Burmese Woman Wins Rights Prize


2006.09.08
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Su Su Nway. Photo courtesy of the Democratic Voice of Burma.

On Aug.31, Su Su Nway of Burma was awarded the 2006 John Humphrey Freedom Award by the Canadian NGO Rights & Democracy. She was chosen from a field of 100 candidates nominated by human rights groups around the world. Su Su Nway, 34, first drew international attention for challenging the ruling junta for forcing her and her neighbors to repair a road without pay. In an unprecedented 2005 ruling, a judge sentenced the village chairman and a deputy to eight months in prison under an untested 1999 law banning forced labor. Su Su Nway was later charged with defaming the village’s replacement chairman, tried, and sentenced in October to 18 months in Burma’s notorious Insein Prison. Su Su Nway, who suffers from a heart condition, endured nine months in Insein before authorities finally bowed to international pressure and released her on June 6, 2006. Su Su Nway spoke to RFA’s Burmese service from Burma in an interview broadcast on Sept. 1, 2006:

“I would like to say that we all, all of the Burmese people and all of the political organizations, are extremely grateful to the authorities from various countries and all of the citizens who selected me for this human rights award. I would like to go [to Canada] to accept it. But here, since we are members of the [opposition] National League for Democracy fighting for human rights and democracy in Burma, they would surely allow us to go, but they wouldn’t allow us to come back in.”

Before and after my release, we have been standing on the side of truth, human rights, and democracy.

“Before and after my release, we have been standing on the side of truth, human rights, and democracy. We are farmers, and now farmers do not get fertilizer and so on. And so they write to us—farmers come and tell us their troubles and say they aren’t getting fertilizers and all… Now the [government-backed] Union Solidarity and Development Association is lending 100,000 [kyat] to individual farmers whom they favor, while the real farmers who are in trouble do not get this. They tell me about this. And I am working on what they did not get and why they did not get it.”

“This award has given me strength. I hope the people of Burma...whose rights have been violated...are also encouraged, and they will be able to decide courageously what they should do and what they would do.”

“Starting from who enters and exits my house, to where I go, in which boat do I return or which bus I take, what time do I get back, I am being monitored. Even though people can see me going around and being active, I am not free mentally. In spite of this lack of freedom, we … must reveal the truth for the people who are truly violated and oppressed and illegally detained, however much we are monitored. Only then will we get the human rights and democracy that we want as soon as possible. If we don’t work just because we are being monitored and just because we are pressured, our goal of human rights and democracy will become distant from us.”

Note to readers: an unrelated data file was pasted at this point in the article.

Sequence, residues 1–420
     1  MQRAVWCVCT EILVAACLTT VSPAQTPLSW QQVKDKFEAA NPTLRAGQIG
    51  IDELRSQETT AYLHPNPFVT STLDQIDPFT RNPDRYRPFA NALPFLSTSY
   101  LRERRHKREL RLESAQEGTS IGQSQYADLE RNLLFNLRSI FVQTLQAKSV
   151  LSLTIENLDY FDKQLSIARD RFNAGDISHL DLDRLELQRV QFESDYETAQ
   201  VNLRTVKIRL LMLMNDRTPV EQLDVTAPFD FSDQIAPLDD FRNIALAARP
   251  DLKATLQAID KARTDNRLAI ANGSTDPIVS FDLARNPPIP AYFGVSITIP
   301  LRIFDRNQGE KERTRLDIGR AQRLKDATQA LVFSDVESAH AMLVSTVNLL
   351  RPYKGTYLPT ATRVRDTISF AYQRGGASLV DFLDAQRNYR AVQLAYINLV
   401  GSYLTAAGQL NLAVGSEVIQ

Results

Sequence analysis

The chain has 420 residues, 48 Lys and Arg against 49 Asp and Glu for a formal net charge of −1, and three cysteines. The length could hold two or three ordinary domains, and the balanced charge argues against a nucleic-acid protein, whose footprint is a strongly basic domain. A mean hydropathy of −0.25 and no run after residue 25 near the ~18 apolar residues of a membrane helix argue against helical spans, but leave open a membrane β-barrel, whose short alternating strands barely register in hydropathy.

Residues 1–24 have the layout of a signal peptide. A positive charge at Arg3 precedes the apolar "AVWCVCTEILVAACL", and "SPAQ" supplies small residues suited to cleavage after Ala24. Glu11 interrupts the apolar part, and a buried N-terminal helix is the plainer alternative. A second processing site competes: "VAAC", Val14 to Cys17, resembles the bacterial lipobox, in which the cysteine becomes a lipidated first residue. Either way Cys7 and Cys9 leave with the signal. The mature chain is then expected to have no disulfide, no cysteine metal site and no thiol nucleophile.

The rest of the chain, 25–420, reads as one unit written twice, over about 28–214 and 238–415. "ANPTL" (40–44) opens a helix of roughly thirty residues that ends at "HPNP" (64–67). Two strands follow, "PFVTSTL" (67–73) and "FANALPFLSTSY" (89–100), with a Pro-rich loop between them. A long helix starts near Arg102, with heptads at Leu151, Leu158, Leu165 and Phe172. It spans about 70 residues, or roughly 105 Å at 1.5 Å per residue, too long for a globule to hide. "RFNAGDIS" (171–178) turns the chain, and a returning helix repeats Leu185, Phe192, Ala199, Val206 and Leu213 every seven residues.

Starting from who enters and exits my house, to where I go, in which boat do I return or which bus I take, what time do I get back, I am being monitored. Even though people can see me going around and being active, I am not free mentally.

“And so, we, the people of Burma, are afraid. I am also afraid. I’m not saying that I’m not afraid. In spite of this fear, we think about what we will do and what we should do for the truth, and we stand by the people who are really oppressed and whose human rights are violated. We have explained [the issues] to …quite a lot of farmers around the Kaw Hmu township area—previously farmers were very afraid but now they are no longer afraid. Regarding the issue of not getting fertilizers, the

“Ya-Ya-Ka chairmen asked the farmers in the region to sign [papers saying they had received fertilizers]. They didn’t sign that they were getting fertilizers when in fact they were not. They resisted signing it.”

“This situation encourages us. Even those farmers who were previously very scared now know how to talk about their rights. They know how to fight. I’d like to say that it’s worth working for.”

Original reporting by RFA’s Burmese service. Translated by Than Than Win. Produced for the Web in English by Sarah Jackson-Han.

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